Medline: 1875218

Journal of Clinical Oncology 9(9): 1570-1574, 1991.

Allogeneic bone marrow transplantation as therapy for primary induction failure for patients with acute leukemia.

Forman SJ, Schmidt GM, Nademanee AP, et al.

Abstract:

The survival of patients with acute leukemia who do not achieve a remission with primary therapy is very poor. High-dose chemoradiotherapy followed by allogeneic bone marrow transplantation (BMT) has been shown to be effective therapy for patients with acute and chronic leukemia. Therefore, we determined the long-term disease-free survival of patients who did not achieve a remission and were then treated with high-dose therapy and bone marrow allografting from matched sibling donors. Twenty-one patients (median age, 28 years) who did not achieve a remission with induction chemotherapy were subsequently treated with allogeneic BMT. After BMT, 90% achieved a complete remission. Six died of complications of the therapy, and six patients relapsed between 27 and 448 days after BMT. Nine patients (43%; median age, 25 years) are alive between 556 and 4,174 days after BMT. The cumulative probability of disease-free survival at 10 years is 43%. This study suggests that allogeneic BMT can be an effective therapy to achieve long-term control of acute leukemia, even in those patients who do not achieve a remission with primary therapy.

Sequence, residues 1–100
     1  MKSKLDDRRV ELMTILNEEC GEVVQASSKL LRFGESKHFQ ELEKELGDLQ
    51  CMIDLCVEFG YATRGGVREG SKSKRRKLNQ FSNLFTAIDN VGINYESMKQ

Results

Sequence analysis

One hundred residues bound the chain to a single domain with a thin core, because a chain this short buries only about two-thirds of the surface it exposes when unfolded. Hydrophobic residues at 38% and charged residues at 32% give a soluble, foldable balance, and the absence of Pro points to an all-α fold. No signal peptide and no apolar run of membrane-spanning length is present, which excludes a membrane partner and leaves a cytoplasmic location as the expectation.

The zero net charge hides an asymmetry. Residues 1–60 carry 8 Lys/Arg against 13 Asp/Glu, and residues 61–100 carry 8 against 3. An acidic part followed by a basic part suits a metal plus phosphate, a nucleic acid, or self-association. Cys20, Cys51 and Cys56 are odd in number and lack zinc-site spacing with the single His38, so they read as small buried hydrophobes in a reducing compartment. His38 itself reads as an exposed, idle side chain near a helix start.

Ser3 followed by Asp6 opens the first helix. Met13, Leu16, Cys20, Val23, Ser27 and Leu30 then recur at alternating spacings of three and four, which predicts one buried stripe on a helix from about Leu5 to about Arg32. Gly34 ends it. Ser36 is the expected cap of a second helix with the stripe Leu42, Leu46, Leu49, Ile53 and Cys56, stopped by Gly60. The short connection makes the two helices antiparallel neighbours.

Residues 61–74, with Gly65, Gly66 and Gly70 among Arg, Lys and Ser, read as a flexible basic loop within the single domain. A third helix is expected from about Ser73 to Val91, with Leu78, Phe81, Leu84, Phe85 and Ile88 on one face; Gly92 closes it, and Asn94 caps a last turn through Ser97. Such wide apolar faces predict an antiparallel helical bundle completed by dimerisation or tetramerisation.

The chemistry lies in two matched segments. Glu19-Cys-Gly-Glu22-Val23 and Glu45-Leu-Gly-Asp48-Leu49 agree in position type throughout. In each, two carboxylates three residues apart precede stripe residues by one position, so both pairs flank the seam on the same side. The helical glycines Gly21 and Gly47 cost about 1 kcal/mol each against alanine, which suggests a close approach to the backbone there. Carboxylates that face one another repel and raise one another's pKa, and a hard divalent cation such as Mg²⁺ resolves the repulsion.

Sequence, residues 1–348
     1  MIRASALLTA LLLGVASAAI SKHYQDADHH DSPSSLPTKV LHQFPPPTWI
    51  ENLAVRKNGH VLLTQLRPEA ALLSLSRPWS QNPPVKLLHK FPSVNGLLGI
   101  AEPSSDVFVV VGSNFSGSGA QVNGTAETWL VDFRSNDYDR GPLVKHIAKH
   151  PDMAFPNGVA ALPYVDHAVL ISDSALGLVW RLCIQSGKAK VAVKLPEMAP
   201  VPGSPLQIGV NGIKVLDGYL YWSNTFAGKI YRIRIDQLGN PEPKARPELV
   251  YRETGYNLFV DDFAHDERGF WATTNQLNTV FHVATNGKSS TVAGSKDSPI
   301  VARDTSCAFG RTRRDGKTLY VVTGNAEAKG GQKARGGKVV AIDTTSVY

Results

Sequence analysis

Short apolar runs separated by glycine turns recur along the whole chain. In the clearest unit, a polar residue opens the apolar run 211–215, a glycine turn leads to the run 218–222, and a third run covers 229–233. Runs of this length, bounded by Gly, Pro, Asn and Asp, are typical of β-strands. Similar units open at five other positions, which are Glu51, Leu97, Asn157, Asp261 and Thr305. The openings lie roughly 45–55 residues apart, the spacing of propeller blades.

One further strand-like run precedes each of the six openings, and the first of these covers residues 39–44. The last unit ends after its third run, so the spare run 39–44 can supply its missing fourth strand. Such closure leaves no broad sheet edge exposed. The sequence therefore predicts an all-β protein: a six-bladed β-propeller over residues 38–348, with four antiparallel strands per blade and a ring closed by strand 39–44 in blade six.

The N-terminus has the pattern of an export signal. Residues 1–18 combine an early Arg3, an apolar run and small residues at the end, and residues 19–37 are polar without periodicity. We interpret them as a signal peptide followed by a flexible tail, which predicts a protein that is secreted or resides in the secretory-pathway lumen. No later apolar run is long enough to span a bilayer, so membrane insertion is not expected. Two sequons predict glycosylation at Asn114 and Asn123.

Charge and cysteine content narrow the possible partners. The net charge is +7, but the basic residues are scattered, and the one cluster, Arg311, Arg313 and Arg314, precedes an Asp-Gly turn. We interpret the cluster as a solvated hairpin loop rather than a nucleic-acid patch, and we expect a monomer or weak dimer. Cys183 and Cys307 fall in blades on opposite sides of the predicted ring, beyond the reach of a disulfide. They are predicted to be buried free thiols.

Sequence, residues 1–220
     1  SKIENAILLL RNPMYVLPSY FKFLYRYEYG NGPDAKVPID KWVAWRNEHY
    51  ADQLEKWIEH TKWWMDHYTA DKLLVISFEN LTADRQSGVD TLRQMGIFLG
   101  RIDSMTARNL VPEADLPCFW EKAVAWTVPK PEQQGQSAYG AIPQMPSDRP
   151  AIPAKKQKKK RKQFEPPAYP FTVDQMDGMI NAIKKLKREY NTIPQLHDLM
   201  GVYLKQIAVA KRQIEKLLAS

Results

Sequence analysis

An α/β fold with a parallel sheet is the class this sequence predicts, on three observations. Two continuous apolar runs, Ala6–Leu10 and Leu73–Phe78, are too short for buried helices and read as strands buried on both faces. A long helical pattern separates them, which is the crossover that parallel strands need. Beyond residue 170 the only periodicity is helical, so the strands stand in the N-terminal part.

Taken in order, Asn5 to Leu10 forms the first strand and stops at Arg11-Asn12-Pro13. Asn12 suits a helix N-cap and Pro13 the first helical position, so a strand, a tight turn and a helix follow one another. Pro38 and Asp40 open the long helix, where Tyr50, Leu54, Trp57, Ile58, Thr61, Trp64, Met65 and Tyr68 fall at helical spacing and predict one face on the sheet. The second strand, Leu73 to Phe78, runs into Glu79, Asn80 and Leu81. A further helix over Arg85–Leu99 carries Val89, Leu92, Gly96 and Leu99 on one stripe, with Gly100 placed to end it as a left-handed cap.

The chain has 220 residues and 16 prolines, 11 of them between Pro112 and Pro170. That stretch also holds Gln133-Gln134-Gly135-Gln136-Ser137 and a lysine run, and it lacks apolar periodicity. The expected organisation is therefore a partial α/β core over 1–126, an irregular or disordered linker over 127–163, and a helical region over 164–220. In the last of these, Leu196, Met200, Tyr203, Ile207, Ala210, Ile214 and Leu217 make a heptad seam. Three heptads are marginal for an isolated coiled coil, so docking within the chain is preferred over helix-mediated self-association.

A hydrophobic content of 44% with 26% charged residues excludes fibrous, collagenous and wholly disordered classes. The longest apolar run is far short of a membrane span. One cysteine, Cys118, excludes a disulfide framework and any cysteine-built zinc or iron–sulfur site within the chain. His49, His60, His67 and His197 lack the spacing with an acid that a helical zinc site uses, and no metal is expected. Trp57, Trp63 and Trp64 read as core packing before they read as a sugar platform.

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Rheinische Friedrich- Wilhelms- Universität Bonn
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Dr. G. Quade

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